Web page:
The main problem of ius sanguinis citizenship is that it is parasitic on external factors concerning the legal determination of parentage. As one of the examples presented above shows, it may only take a choice between a petri dish and a turkey baster to make somebody a parent and hence a supplier of citizenship status. The relevance of horizontal family ties between spouses in citizenship matters has largely diminished, as a flipside of the spread of gender equality norms, since in liberal states wives no longer automatically acquire their husbands’ citizenship. By contrast, parental ties continue to remain paramount for the regulation of citizenship. Even if there are good reasons for seeking to ensure the swift transfer of citizenship from parents to children (e.g. to prevent statelessness), this approach is questionable because it renders children vulnerable. Ius sanguinis citizenship makes access to citizenship for children dependent on parents’ legal status, actions or reproductive choices.

As in the case of spouses, joint citizenship adds little to the legal and normative character of the parent-child relationship.  There is little doubt that the law should treat children and the parent-child relationship with special attention. However, this could and should be achieved regardless of the citizenship status of children and parents. One could, for example, extend the legal rights associated with parentage and filiation (e.g. conferring full migration rights to children of citizens) or seek to establish a universal status of (legal) childhood that confers fundamental right and protection to children regardless of their or their parents’ citizenship or migration status.

The second argument for ius sanguinis citizenship is that the automatic transition of membership status from parents to children ensures the smooth reproduction of the political community. As children of citizens grow, they become socialised in the political community of their parents and develop political skills necessary for furthering their parents’ project of democratic self-government, skills that they will eventually pass on to their own children. An easy objection to this view is that it is empirically naïve, especially in the context of increased migration and diversification of family practices. Citizenship is thus based on a contested expectation. Instead of granting citizenship ex-ante to persons who are likely to develop desirable citizenship attitudes and skills, we could delay the attribution of citizenship until such attitudes and skills are confirmed. Alternatively, there may be other normative considerations for turning children into citizens. For example, being born in the country and/or living there at a young age makes children not only subject to the law of the country but also highly dependent on the state, which, for example, is required to provide regular and reliable access to medical care such as vaccinations. These considerations could justify granting children at least provisional citizenship.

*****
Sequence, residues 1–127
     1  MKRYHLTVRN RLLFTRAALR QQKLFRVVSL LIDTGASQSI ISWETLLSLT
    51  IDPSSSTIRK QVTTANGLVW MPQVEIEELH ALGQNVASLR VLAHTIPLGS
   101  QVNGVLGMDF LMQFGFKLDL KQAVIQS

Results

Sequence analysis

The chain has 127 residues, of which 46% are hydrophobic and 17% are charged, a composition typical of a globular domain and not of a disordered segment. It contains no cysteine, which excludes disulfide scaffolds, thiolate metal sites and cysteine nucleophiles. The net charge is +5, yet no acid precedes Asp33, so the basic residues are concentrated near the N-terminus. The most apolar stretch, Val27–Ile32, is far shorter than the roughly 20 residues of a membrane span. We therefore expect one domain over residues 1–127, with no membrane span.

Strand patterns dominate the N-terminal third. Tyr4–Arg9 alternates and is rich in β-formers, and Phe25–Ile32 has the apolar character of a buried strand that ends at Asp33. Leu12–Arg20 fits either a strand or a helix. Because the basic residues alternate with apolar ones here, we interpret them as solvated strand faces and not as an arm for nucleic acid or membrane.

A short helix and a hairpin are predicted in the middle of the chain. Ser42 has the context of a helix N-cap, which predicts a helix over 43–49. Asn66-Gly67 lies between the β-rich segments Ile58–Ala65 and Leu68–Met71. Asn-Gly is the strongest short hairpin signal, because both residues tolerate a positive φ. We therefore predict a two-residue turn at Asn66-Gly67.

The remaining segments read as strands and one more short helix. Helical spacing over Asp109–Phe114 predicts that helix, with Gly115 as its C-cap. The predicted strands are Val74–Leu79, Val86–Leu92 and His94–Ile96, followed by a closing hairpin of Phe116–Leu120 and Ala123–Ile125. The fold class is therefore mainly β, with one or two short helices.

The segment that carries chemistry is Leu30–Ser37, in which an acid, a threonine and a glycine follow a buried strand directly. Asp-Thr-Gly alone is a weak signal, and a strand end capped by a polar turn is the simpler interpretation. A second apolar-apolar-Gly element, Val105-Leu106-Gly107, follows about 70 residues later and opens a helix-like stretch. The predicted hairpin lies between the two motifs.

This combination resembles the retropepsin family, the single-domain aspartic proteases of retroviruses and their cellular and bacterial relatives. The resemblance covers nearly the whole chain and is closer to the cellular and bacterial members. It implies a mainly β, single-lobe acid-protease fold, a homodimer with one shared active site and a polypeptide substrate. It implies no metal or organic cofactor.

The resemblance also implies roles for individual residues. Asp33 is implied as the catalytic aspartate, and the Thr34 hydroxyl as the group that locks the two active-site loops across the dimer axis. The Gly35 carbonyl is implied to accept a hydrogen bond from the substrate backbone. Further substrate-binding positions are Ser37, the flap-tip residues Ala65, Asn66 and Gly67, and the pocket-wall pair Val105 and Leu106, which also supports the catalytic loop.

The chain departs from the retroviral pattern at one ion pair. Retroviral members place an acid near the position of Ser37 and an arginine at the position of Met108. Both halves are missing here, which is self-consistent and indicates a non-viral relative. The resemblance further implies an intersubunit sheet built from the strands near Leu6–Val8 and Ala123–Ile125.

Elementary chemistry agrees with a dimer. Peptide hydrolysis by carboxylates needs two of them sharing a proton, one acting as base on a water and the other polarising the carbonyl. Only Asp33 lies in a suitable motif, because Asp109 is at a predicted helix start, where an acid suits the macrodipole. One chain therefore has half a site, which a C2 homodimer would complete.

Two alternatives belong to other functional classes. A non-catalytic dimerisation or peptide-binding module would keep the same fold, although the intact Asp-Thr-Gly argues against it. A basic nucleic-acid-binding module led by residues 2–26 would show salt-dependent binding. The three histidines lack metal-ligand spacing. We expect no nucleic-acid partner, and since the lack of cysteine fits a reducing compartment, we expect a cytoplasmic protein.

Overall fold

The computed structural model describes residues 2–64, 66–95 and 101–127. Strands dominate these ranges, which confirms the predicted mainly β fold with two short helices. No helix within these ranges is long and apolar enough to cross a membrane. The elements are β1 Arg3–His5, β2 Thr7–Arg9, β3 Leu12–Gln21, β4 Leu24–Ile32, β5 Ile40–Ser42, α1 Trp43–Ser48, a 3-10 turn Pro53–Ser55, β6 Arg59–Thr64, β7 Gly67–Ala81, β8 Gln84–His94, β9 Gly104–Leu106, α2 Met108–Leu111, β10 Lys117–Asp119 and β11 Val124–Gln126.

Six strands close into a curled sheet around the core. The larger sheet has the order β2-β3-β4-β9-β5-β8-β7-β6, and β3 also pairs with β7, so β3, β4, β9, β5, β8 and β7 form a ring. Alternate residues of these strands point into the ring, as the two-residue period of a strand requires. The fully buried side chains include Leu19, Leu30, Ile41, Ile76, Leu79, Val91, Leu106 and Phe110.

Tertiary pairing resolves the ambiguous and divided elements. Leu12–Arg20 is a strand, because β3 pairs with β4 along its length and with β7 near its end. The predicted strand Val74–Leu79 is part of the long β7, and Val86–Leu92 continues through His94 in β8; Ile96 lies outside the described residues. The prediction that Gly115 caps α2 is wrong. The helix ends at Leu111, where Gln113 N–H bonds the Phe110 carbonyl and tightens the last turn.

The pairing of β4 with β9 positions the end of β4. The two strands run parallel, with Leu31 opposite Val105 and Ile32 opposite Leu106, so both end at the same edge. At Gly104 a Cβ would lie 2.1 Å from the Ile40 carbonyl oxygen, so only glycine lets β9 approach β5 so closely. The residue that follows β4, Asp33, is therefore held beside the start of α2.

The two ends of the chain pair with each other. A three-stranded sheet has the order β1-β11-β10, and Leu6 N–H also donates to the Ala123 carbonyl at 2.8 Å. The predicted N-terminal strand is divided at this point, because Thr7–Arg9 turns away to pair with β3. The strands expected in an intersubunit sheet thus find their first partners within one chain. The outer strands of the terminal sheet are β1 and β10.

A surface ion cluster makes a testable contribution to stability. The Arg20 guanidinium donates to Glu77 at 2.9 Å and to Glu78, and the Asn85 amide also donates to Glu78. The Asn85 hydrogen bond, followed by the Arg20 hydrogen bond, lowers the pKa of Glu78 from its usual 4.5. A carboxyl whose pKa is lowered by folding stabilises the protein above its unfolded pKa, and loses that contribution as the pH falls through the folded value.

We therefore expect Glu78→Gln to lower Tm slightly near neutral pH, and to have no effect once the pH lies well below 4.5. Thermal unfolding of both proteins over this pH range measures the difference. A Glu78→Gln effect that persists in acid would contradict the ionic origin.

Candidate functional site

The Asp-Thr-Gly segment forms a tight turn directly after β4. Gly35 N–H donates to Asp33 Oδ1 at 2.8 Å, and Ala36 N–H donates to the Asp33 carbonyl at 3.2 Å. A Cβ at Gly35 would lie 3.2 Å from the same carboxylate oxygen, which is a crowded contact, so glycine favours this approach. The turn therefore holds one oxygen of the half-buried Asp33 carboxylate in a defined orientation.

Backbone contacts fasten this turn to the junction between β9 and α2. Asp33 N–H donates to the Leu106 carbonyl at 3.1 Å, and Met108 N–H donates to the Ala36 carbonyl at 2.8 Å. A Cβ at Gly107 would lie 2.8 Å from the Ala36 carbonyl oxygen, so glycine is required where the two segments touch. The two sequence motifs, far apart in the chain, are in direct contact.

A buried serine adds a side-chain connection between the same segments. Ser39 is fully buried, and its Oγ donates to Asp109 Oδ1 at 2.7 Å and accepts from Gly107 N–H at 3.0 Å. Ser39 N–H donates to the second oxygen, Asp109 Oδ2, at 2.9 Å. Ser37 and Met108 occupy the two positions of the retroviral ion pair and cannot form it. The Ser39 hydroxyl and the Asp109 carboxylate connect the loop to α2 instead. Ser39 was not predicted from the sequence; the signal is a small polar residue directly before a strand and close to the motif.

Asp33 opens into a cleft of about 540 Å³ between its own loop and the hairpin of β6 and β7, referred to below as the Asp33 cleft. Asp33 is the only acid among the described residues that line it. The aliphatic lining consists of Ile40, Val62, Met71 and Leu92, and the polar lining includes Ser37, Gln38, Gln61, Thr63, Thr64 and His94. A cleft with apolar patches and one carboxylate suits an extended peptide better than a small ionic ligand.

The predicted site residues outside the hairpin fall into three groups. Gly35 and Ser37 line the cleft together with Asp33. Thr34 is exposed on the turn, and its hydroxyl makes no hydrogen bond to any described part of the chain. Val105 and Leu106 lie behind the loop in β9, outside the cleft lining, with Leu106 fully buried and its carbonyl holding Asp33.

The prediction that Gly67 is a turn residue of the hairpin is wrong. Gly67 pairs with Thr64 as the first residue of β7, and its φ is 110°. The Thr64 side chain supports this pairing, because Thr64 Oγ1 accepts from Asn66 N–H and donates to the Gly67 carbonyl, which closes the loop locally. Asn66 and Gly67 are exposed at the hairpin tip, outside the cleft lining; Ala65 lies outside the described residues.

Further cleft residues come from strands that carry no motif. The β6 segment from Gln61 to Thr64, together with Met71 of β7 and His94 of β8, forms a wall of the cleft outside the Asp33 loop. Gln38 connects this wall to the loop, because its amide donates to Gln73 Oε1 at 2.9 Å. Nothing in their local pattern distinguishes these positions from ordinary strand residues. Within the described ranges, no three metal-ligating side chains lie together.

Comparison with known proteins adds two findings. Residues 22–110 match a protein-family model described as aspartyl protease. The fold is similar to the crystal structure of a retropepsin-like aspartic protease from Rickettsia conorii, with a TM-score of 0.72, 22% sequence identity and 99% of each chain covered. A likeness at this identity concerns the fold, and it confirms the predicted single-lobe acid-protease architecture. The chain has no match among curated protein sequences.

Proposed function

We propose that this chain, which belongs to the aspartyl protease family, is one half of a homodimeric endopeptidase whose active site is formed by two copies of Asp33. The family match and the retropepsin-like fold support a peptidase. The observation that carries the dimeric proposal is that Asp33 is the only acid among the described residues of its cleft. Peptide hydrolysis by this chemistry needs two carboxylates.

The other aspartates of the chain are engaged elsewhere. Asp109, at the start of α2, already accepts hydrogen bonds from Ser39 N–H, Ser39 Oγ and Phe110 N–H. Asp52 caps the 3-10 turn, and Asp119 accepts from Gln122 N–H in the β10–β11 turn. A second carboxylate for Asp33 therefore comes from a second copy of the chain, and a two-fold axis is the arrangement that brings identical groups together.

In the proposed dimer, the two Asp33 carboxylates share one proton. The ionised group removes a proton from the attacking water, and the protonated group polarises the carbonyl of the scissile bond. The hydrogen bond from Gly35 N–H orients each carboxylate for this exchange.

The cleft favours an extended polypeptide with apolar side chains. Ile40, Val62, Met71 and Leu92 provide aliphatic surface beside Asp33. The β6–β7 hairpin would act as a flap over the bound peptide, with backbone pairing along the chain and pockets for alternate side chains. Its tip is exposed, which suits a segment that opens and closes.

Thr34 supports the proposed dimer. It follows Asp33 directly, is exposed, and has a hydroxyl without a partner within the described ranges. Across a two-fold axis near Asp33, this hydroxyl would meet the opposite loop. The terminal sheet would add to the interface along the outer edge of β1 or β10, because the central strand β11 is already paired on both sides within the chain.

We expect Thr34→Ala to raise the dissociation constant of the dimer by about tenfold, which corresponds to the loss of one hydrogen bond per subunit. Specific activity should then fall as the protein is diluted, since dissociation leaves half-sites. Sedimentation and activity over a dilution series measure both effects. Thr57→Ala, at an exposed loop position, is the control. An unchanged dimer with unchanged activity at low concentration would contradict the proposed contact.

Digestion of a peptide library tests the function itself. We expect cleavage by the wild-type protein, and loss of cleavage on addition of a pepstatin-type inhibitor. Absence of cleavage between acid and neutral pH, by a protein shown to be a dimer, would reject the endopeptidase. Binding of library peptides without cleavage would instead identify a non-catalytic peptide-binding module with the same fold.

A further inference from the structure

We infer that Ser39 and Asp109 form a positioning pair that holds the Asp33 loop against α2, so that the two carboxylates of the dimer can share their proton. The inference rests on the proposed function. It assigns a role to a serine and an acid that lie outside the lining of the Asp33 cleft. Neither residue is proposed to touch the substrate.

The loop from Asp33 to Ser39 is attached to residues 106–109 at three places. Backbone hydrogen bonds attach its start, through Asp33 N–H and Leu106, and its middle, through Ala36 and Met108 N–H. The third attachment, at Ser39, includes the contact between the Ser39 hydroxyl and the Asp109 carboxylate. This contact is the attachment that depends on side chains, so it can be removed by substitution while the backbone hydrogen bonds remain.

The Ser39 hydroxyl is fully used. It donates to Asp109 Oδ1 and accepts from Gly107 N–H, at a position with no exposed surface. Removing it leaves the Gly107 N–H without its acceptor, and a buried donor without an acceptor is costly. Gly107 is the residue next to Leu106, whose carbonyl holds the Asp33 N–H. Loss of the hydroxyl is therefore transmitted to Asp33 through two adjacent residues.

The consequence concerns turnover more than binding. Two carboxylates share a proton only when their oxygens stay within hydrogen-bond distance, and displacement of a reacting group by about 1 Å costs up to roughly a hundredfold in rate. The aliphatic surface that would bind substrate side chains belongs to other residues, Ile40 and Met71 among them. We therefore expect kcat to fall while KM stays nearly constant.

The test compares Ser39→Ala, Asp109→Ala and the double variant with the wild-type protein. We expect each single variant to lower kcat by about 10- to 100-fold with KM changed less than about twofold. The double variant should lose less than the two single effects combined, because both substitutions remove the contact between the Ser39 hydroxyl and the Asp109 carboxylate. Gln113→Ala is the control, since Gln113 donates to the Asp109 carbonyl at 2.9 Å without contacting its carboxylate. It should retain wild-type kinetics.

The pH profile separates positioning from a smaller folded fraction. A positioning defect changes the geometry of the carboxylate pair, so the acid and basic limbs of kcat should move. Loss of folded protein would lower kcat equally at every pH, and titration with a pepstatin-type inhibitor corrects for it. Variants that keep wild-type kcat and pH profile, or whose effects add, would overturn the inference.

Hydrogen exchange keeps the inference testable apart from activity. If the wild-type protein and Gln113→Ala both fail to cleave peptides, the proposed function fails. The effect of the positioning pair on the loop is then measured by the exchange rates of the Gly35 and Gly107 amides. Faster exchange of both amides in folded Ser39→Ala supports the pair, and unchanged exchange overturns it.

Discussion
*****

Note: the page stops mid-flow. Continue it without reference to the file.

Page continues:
The intergenerational dimension of democratic membership can hardly be achieved by relying on legal fictions or on biological contingencies. Our efforts should rather be channelled towards consolidating democratic institutions and promoting citizenship attitudes and skills among all those who find themselves, by whatever ways and for whatever reasons, in our political community. As for the children who happen to be born here, we should treat them as political foundlings and give them all the care and support they need to become full political members.

First published in EUDO Citizenship Forum, European University Institute, 2015

[1] Weil, P. (2002). Qu’ est-ce qu’un Français? Paris: Grasset.

[2] Dumbrava, C. (2015). Super-Foreigners and Sub-Citizens. Mapping Ethno-National Hierarchies of Foreignness and Citizenship in Europe. Ethnopolitics 14(3), 296-310.

[3] Hailbronner, K. and A. Farahat (2015). Country Report: Germany. EUDO Citizenship Observatory.

[4] Bock, L. (2015). Germany: As ‘Option Duty; reform comes into force, first figures on individuals having lost their citizenship emerge. Citizenship News, EUDO Citizenship Observatory.

[5] Christopoulos, D. (2011). Greek State Council strikes down ius soli and local voting rights for third country nationals. An Alarming Postscript to the Greek Citizenship Reform. Citizenship News, EUDO Citizenship Observatory.

[6] The Greek parliament has recently pushed forward another proposal regarding ius soli in an attempt to overcome the deadlock. See (2015). Greece: New citizenship bill now opened for public consultation. Citizenship News, EUDO Citizenship Observatory.

[7] The European Parliament (2013). A comparative study on the regime of surrogacy in EU Member States. Study for the Directorate-General of Internal Affairs, Policy Department: Citizen’s Rights and Constitutional Affairs, pp. 90-1.

[8] Points, K. (2009). Commercial surrogacy and fertility tourism in India: The case of Baby Manji. Case Study, Kenan Institute for Ethics, Duke University.

[9] Genovese v. Malta, Application no. 53124/09, European Court of Human Rights, 11 October 2011.

[10] BBC News (2013). Two in five EU babies born out of wedlock

[11] The European Society of Human Reproduction and Embryology (2014). ARTs fact sheet

[12] Re: X & Y (Foreign Surrogacy), [2008] EWHC (Fam) 3030 (U.K.).

[13] Deomampo, D. (2014). Defining Parents, Making Citizens: Nationality and Citizenship in Transnational Surrogacy. Review of. Medical anthropology. Published online: 25 September 2014.

[14] Brandt, R. (2015). Medical intervention should not define legal parenthood. Bionews.

[15] Smajdor, A. (2015). Can I be my grandchild’s mother? BioNews.

[16] Shanks, P. (2015). Babies from Two Bio-Dads. Biopolitical Times, Center for Genetics and Society.